Despite the map-related inconvenience, Rumpfler is unperturbed. Soon, and just as he anticipated, a bout of confusion strikes one of the Furst's reserve regiments, and it hops over from the safety of the wall, advancing towards the Nabstrians. Musketry crackles and, though the Landgravial musketeers do creditable damage to their opposition, one Nabstrian regiment breaking, the weight of fire opposing them is too great - the unit buckles, then routs, the troops pouring backwards. (Below, bottom) There is now a gap in the Rotenburg line again, and there are no reserves left to fill it. Furst Augustus' infantry is reduced to but four battalions, and seven Nabstrian units now bear down on them. The evening gloom begins to deepen.

(Below, right) There is some consolation for the Rotenbergers as one of the Nabstrian regiments, its blood up, conducts a foolhardy bayonet attack over the rocky ground and across the wall. It is beaten back and routed. But the situation remains grim.
'Give me night!' wails Furst Augustus. 'Give me night, or give me a marvelously creative supporting action from my ally, Barry-Eylund!'

The latter, sadly, is unlikely.
'What are we playing now?' asks Barry-Eylund.
'Bridge', says Count Erlock-Weisse, wearily.
Prince Rupprecht slams down his hand, but before he can say anything Barry-Eylund interrupts.
'My Lord, I understood that in order to claim the cards, the card that you put down has to be the same as mine. But, see, my lord, your card is different. I have a nine of spades and you seem to have ... Mrs Bunn the Baker. An easy mistake to make my lord, what with the din of cannon and such, and so not in any way, I should wager, an attempt to pervert the rules of the game.'
Rupprecht nods slowly, and then gestures for the general to lean forward.
Barry-Eylund leans forward, and the Prince then punches him mightily in the face.
'Snap!' says the Prince, happily.

As the last sliver of sun begins to slide below the horizon, the Nabstrians, like King Wilhelm eating a large plate of scones, make one last heave. Once again, one of the Furst's units confuses its orders, interpreting the command 'Halt! Defend in place!' with 'Advance! Into the rocky ground! Yeah!' (Below, centre)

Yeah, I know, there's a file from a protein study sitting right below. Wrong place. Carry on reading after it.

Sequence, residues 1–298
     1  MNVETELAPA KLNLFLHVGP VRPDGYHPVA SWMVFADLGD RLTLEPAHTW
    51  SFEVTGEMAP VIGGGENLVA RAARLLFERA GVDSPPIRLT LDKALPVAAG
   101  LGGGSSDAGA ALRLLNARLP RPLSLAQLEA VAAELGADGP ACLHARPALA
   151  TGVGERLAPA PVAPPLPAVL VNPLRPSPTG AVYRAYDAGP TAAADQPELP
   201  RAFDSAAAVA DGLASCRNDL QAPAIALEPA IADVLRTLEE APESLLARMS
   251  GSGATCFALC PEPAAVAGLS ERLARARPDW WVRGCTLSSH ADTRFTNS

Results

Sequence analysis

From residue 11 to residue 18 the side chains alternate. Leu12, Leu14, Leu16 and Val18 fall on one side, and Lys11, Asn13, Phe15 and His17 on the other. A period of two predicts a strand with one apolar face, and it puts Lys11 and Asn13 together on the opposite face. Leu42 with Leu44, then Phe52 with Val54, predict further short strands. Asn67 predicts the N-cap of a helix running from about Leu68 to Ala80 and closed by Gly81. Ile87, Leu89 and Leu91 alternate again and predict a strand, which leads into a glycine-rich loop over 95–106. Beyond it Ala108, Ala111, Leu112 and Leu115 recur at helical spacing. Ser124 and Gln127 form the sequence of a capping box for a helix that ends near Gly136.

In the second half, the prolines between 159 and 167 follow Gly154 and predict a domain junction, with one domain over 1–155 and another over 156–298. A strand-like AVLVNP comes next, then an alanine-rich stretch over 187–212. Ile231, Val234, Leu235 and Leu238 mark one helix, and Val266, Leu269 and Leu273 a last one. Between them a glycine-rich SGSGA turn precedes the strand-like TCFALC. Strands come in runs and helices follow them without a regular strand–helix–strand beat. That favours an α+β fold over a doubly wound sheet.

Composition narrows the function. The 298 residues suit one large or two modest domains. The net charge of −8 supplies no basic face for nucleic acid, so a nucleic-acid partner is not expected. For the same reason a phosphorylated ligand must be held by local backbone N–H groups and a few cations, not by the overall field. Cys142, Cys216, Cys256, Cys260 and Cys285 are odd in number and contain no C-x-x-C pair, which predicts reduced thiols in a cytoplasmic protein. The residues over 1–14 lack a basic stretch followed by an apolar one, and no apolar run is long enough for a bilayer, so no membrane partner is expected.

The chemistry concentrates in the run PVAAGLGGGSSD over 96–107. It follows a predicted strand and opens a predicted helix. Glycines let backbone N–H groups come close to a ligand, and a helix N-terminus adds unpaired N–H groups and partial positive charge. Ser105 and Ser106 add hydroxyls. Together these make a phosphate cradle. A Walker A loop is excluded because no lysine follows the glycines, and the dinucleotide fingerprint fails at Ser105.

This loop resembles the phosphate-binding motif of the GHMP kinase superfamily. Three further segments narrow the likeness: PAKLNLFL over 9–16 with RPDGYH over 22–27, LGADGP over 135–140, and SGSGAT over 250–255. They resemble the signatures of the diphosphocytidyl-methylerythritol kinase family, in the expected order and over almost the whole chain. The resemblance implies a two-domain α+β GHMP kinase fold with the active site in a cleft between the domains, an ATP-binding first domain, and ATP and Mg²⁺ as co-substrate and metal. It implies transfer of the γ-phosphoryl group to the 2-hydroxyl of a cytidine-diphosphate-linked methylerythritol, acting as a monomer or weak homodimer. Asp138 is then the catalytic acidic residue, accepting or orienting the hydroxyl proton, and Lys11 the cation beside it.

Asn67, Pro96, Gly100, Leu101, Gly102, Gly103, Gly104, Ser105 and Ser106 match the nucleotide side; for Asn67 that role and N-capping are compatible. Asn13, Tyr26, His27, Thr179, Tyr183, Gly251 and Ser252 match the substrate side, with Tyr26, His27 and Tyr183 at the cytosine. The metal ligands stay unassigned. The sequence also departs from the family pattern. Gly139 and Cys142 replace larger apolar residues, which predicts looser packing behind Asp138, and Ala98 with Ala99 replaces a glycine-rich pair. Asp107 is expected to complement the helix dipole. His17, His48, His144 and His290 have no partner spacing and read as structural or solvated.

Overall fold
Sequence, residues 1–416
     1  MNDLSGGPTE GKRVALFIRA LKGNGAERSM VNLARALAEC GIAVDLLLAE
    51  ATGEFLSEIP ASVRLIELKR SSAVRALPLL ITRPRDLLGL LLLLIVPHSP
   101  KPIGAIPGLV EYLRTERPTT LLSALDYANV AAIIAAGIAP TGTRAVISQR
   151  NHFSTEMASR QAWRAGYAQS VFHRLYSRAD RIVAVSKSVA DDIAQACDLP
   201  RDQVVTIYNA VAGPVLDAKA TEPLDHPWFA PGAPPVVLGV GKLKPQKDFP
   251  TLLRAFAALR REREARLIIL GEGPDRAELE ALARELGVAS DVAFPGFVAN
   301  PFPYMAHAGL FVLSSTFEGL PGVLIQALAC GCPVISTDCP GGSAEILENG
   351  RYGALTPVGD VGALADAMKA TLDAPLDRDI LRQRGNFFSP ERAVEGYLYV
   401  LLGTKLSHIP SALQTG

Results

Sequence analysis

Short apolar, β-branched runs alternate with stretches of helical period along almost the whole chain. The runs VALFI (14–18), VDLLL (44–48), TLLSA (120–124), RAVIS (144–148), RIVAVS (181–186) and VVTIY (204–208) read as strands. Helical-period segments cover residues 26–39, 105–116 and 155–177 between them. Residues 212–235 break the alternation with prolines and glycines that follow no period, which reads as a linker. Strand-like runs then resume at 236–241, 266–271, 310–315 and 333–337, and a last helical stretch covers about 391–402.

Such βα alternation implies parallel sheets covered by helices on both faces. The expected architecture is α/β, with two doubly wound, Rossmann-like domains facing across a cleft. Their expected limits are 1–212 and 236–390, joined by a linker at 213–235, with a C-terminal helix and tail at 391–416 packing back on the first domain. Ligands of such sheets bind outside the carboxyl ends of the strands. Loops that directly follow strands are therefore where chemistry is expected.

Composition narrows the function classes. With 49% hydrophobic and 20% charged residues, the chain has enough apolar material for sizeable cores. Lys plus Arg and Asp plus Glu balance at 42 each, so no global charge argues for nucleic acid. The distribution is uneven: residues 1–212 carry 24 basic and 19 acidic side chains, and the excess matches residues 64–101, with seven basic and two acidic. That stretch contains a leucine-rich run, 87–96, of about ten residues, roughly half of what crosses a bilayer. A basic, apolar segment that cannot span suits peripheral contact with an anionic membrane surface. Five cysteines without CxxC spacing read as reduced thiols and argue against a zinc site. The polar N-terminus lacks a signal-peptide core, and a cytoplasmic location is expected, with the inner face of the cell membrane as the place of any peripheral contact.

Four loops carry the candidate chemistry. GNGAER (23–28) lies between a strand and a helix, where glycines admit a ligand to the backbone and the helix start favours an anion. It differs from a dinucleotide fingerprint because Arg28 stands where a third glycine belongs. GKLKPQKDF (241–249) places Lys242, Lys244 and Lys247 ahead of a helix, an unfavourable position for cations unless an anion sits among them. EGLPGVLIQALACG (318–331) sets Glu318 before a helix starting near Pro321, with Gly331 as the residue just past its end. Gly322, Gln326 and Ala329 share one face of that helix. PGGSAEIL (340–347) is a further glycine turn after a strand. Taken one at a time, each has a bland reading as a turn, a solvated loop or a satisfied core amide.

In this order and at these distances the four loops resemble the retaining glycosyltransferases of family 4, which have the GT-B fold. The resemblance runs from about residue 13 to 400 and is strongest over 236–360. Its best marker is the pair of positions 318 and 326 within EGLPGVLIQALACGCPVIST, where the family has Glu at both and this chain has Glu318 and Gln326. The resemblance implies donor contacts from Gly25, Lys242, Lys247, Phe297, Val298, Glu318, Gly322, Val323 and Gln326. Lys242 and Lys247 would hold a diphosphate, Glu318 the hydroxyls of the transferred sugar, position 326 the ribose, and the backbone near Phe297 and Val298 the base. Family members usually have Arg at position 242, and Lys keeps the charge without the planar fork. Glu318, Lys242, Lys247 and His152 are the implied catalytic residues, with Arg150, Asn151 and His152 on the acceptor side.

But actually, the regiment performs surprisingly well amidst the difficult terrain. None of the Nabstrian volleys hit it at all, and with the light now dimmer than their own officers, it it clear that the Nabstrian troops have simply run out of time.With night having fallen, the chances of any further Nabstrian success are lower than a hedge-hogs kneecaps, and the prospect of launching another assault about as inviting as King Wilhelm's belly-button after a particularly vigorous frolic.
'Curses!' howls Rumpfler.
'Zzzzzzzz', says Cavandish gently, fast asleep now that his cannon have stopped firing. 

(Below) And so, the battle of Heisenleman draws to a close.

As the Combined Grand Army withdraws from the field, Furst Augustus rides forwards to visit his cavalry, the attack of which was undoubtedly the decisive event in the battle. The Furst meets with Colonel du Vicque, and in the gloom Saxe-Peste looks sadly upon the heaps of fallen cavalrymen.
'A savage fight', he says to du Vicque.
'Indeed, my lord', says the Colonel, 'It was quite a tussle'.
'How vicious those Nabstrians were', says Furst Augustus. 'I mean, look at that poor ensign there. He seems to have been shoved bodily onto his own trumpet'.
'Inexplicable',says du Vicque, in a neutral tone.
'And then he seems to have beaten himself around the head savagely with his own instrument'.
'Battle can do that to a man', says du Vicque, avoiding eye contact.

The Imperial and Nabstrian forces are able to retire in good order, but the battle, and also the war, are now lost for them. It is a splendid victory for Rotenburg and for Bachscuttel: hurrah for Landgrave Choldwig! Hurrah for Prince Rupprecht!

For King Wilhelm, however, the excitement is far from over; and we turn now, dear reader, to the strange adventures of Colonel Zeigler...


  1. Ah! But for the onset of night, Nabstria and Fenwick would have won a famous victory!

  2. Indeed, it was very close. Perhaps the cannonade went on too long. But it was, I think, the Rotenburg cavalry attack that was decisive: it used up the whole of the afternoon and stripped away two regiments of the assaulting infantry.

    Du Vicque's attack seemed like a million-to-one chance; but then, as one of the great author's of our age once commented, 'million-to-one chances come up nine times out of ten.'